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Six Modern Plagues and How We Are Causing Them [Hardcover]

Mark Jerome Walters
3.6 out of 5 stars  See all reviews (8 customer reviews)
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Book Description

Sept. 10 2003 155963992X 978-1559639927 1
In Six Modern Plagues, Mark Jerome Walters elucidates the surprising connections between human-induced changes to the natural environment and recent epidemics, including West Nile virus, mad cow disease, HIV/AIDS. Lyme disease, and SARS. According to Walters, we are not only victims of these emerging diseases; we are helping exacerhate their creation and spread. Only if we learn to recognize our role in these outbreaks, or, "eco-demics," can we take measures to diffuse their power. For the new paperback edition, Walters has updated information on the recent bird flu epidemic.

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From Publishers Weekly

The SARS outbreak earlier this year was a classic illustration of how disease can spread around the world via intercontinental travelers and how diseases can jump from animals to humans. Walters, a veterinarian and Harvard Medical School visiting lecturer, describes how human actions affecting the environment and the animals that live in it have exacerbated the spread of six diseases that have jumped in similar fashion to our species from their original hosts, creating serious new threats to public health. He begins with perhaps the most frightening one of all, mad cow disease, which attacks victims' brains. Many scientists believe the biological agent that causes the disease spread from scrapie-infected sheep to cows when sheep by-products were put in high-protein livestock feed. A virulent new strain of salmonella, DT104, has been created in part through the food industry's feeding antibiotics to chickens and livestock. Walters also explains that as hunters and laborers in central Africa continue to eat bush meat, new diseases will almost surely emerge from out of the jungles, as HIV did. The author also looks at hantavirus, its outbreaks thus far restricted to parts of the Southwest; Lyme disease, spread by deer ticks that live on and are spread by mice; and the mosquito-borne West Nile virus, which made its way to America from the eastern Mediterranean a few years ago. Walters presents a compelling case that the "deep ecological, demographic, and industrial roots" of these diseases must be considered if we are to minimize the danger of future emerging diseases.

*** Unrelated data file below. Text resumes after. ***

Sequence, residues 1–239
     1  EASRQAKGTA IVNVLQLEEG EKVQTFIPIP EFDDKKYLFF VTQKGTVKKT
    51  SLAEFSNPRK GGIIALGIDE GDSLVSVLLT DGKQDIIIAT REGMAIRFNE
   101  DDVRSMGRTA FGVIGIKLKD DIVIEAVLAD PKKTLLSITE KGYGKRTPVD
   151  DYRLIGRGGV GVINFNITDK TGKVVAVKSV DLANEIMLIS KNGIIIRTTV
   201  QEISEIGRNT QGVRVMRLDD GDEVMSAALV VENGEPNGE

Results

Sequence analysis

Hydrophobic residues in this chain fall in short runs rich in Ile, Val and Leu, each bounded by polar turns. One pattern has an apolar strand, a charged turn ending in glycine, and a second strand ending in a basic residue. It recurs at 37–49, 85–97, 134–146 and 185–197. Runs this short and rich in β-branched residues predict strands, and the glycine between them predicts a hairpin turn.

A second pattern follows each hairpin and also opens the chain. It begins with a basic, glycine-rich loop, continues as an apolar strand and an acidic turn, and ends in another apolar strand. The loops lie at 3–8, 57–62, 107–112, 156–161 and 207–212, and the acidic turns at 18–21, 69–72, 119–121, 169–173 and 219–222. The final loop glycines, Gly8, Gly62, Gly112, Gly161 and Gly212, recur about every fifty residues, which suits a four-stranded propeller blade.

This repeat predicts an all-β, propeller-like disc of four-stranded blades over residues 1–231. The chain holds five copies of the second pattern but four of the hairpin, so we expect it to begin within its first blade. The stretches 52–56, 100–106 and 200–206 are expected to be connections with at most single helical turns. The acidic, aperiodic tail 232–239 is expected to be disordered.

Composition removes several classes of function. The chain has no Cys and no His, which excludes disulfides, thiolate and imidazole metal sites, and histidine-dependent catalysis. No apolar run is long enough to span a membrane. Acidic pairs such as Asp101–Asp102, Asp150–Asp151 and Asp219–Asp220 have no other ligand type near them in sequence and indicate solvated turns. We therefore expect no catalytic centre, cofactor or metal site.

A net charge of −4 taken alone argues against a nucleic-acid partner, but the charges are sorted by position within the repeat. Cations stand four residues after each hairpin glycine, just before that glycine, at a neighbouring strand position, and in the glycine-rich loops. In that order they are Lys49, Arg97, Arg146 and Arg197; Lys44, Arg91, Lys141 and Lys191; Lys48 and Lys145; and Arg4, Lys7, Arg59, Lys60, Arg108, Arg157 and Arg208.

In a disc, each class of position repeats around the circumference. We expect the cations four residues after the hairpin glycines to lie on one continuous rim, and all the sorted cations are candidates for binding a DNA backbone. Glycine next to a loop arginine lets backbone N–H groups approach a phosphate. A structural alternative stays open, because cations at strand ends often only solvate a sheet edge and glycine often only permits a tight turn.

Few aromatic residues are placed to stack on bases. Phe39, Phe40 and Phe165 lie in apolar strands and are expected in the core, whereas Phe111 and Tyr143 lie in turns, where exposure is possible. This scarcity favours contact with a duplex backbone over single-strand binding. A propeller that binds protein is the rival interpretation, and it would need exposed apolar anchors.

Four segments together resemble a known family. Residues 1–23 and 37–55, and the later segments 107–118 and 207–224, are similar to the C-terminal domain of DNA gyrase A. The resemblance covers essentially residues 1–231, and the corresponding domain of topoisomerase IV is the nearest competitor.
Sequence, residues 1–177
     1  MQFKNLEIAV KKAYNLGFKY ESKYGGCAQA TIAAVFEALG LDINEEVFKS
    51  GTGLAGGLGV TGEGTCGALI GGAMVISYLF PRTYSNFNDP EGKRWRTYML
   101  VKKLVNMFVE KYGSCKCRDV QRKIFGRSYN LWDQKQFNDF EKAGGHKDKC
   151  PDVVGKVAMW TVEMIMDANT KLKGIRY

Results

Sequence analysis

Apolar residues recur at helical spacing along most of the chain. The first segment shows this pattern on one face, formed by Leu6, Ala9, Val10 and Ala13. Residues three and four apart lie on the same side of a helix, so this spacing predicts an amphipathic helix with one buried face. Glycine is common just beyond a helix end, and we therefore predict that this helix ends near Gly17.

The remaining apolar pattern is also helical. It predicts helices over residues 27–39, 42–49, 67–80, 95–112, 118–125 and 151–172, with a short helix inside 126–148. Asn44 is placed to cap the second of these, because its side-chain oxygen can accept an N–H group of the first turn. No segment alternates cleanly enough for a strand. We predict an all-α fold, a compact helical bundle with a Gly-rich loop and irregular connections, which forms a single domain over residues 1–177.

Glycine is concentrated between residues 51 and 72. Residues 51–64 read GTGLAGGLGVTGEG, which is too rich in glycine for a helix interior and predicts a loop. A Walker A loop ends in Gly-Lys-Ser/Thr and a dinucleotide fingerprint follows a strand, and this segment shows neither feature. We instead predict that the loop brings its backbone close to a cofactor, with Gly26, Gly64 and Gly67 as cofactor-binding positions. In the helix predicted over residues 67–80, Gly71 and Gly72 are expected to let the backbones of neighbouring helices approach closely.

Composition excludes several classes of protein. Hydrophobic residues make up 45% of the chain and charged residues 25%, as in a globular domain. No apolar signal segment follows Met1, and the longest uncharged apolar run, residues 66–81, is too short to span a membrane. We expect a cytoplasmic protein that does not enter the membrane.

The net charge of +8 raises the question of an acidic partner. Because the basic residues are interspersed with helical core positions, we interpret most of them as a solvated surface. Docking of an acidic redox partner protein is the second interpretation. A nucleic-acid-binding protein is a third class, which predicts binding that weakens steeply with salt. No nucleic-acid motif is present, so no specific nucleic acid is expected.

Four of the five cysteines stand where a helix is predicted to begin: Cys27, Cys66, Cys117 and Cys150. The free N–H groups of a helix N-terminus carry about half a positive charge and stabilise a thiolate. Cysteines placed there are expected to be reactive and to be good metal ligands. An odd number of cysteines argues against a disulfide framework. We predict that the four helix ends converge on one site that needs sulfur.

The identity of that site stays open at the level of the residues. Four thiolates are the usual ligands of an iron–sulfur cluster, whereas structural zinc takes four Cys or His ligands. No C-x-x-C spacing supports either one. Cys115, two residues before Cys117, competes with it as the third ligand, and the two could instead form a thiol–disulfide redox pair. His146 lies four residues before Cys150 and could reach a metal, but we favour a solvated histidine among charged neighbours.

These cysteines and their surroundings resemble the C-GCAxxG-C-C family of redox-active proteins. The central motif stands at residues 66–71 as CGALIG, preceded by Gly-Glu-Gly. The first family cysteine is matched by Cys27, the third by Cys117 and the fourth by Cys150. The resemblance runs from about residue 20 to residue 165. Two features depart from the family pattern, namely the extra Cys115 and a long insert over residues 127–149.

Copyright 2003 Reed Business Information, Inc.

From Booklist

In sharp, readable accounts of six recent "plagues," Walters points at the 1,000-pound gorilla customarily ignored in modern epidemiological discussions: underlying ecological causes. Those include industrial agriculture, with its pursuit of money rather than wholesome food; industrial forestry, with its pursuit of money rather than biosystem integrity; and industrial pharmacology, with its pursuit of money rather than human, animal, and plant health. Meat animals were made cannibals to increase output, and mad cow disease erupted. African forests were virtually strip-mined; bush-meat (wild animals) became essential to feeding work gangs and then hoards of displaced forest dwellers; and HIV/AIDS exploded (in North America, forest liquidation is also behind Lyme disease). Crops and livestock were massively injected with antibiotics to increase yields, and an antibiotic-resistant strain of salmonella flared up to kill animals and humans with astonishing speed. Walters also traces the lines of connection and causation back from epidemic outbreaks of West Nile virus and the hantavirus to the ecological depredations of modern industry. He never rants, he is always calm, and he is scarily cogent. Ray Olson
Copyright © American Library Association. All rights reserved

Customer Reviews

Most helpful customer reviews
Format:Hardcover
This book is disappointing. Walters offers little scientific or intellectual insight, or constructive advice for addressing some genuine human concerns. If you want to learn something about disease incidence and history, skip this book and buy Andrew Speilman's Mosquito, which is excellent!